Mary Black: The most exciting thing about being a part of this Cabaret of Monologues is being a part of a dynamic, women-run performance and hearing other women’s stories and voices. It is a beautiful time to be alive as our Nation is experiencing a shift; a collective growth, and an end to the stigma and silence surrounding sexual violence and violence against women and girls is in sight.

Shamin: The most challenging part of participating in this year’s event has been remaining open on stage. I instinctively want to shelter myself as I connect with the material; learning to remain open and vulnerable has been a huge challenge.

Sydney: The most challenging thing was turning a very strong spoken word piece into a dance that reflected the intensity of the words.

Have you been to our Cabaret of Monologues before?  If so, what do you like about it?

Heather Bjorklund:  I have been and performed in the Cabaret of Monologues before. I love it. I love the fact that it gives women a chance to shine. 

Kim: My first time in IWW Cabaret was last year. I played Zelda Fitzgerald. The whole experience was amazing from start to finish. Working with Hope, getting to bring this character to life, the community performances and the FUN I had. Plus, meeting and watching the other “Superheroines” perform was so inspiring.

Montana: No, this is a first time for me, I’m very excited to see how all the other pieces come together and what everyone else has been working on.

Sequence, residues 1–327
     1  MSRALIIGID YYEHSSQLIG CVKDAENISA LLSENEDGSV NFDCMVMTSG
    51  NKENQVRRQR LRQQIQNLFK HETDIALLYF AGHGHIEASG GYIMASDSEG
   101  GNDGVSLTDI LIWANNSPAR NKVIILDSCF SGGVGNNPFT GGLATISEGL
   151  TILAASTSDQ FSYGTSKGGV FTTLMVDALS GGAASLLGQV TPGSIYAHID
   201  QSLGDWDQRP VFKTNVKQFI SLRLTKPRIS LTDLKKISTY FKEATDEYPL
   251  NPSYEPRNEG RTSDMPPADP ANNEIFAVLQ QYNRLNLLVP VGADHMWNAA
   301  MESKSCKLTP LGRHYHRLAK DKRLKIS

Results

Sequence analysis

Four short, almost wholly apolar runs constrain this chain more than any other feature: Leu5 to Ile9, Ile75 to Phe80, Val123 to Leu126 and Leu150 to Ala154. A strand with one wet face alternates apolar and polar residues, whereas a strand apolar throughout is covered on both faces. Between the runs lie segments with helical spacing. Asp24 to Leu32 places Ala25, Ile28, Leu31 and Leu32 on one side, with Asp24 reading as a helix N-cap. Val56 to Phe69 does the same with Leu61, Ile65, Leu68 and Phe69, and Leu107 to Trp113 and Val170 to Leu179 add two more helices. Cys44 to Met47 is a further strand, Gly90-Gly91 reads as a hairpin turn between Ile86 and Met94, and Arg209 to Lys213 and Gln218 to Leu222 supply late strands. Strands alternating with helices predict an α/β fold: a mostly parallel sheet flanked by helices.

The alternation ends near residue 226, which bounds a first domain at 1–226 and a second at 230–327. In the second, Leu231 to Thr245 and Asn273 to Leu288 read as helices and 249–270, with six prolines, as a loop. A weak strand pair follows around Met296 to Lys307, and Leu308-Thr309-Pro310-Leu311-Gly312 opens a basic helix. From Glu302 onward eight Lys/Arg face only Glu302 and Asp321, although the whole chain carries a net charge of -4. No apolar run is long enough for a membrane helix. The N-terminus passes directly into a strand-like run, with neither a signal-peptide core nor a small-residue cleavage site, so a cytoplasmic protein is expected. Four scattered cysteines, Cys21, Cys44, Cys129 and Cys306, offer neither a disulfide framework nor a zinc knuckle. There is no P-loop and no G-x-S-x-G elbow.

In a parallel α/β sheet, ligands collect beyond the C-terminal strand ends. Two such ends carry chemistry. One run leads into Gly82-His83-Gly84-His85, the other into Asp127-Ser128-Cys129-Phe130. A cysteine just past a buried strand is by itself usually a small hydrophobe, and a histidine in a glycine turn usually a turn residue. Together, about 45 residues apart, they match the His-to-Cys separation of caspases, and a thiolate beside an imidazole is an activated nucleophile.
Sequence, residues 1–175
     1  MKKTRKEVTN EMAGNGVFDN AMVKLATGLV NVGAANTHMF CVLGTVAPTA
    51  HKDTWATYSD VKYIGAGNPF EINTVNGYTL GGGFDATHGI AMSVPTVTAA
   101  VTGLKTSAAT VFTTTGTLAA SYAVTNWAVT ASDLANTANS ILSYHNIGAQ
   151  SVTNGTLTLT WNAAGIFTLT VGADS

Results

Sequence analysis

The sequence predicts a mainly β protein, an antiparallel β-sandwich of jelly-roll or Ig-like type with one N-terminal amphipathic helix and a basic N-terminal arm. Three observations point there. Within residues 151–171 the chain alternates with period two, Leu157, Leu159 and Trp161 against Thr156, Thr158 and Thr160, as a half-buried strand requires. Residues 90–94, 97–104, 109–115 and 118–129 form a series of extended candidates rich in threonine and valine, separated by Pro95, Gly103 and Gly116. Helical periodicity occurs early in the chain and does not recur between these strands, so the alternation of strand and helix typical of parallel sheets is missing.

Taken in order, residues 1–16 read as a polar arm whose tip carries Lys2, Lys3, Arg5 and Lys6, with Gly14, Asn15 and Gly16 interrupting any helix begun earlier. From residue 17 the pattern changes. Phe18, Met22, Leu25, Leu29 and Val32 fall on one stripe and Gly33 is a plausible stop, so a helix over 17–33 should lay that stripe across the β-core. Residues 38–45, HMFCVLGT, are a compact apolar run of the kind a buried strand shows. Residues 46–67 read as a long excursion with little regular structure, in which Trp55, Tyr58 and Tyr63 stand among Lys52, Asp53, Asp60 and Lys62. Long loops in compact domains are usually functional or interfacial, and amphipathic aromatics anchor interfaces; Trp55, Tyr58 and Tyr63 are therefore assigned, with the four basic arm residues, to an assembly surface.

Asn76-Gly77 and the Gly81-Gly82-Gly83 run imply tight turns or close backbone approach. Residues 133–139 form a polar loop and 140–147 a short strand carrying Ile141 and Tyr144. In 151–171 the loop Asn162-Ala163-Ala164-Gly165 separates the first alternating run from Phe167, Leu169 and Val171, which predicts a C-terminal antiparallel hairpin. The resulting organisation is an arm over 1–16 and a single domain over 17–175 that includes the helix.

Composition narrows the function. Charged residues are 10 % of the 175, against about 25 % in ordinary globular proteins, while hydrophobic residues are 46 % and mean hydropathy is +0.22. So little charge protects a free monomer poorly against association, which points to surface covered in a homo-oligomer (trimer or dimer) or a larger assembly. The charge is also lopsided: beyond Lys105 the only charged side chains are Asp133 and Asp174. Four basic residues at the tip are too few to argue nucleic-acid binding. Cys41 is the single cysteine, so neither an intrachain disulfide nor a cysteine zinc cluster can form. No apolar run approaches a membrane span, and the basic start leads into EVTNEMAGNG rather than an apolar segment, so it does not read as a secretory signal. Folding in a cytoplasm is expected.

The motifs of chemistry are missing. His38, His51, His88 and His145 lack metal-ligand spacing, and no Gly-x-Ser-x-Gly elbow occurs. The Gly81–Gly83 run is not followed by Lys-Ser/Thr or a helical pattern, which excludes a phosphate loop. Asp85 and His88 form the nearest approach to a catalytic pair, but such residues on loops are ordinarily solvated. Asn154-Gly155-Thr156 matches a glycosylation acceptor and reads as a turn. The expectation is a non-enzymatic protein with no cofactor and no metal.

Teri-Lynn: I actually went for the first time last year and the performances I saw were at Portage Place Mall.  I really appreciated that these fierce women were on stage, just bearing their souls (and the souls of the women who both penned the pieces, and were being portrayed) on stage, in the middle of a shopping mall.  It was just really cool.  I like the non-traditional, sharing element.

What is it like being a female artist (or female in your industry)?  What are the highlights and the challenges?

Erica: Being a female in the industry for me is uncomfortable, I see so many roles for acting that I would like to go out there and get but it’s only for the male gender to take. Which is unfortunate because I want to be those characters! I don’t want to be the princess or the wife, I want to be the killer or head honcho! 

Highlights? Every time I get to start a new process. Every single time I learn something new about myself, perspectives and techniques. 

Heather: I would have to say that it is rather challenging to be a female artist. I have directed and acted in many shows over the years. I have found it very challenging to direct shows if there is a male co-director for example. It doesn’t work well. The man is always the one deferred to. It seems that my power is always usurped if there is a male around.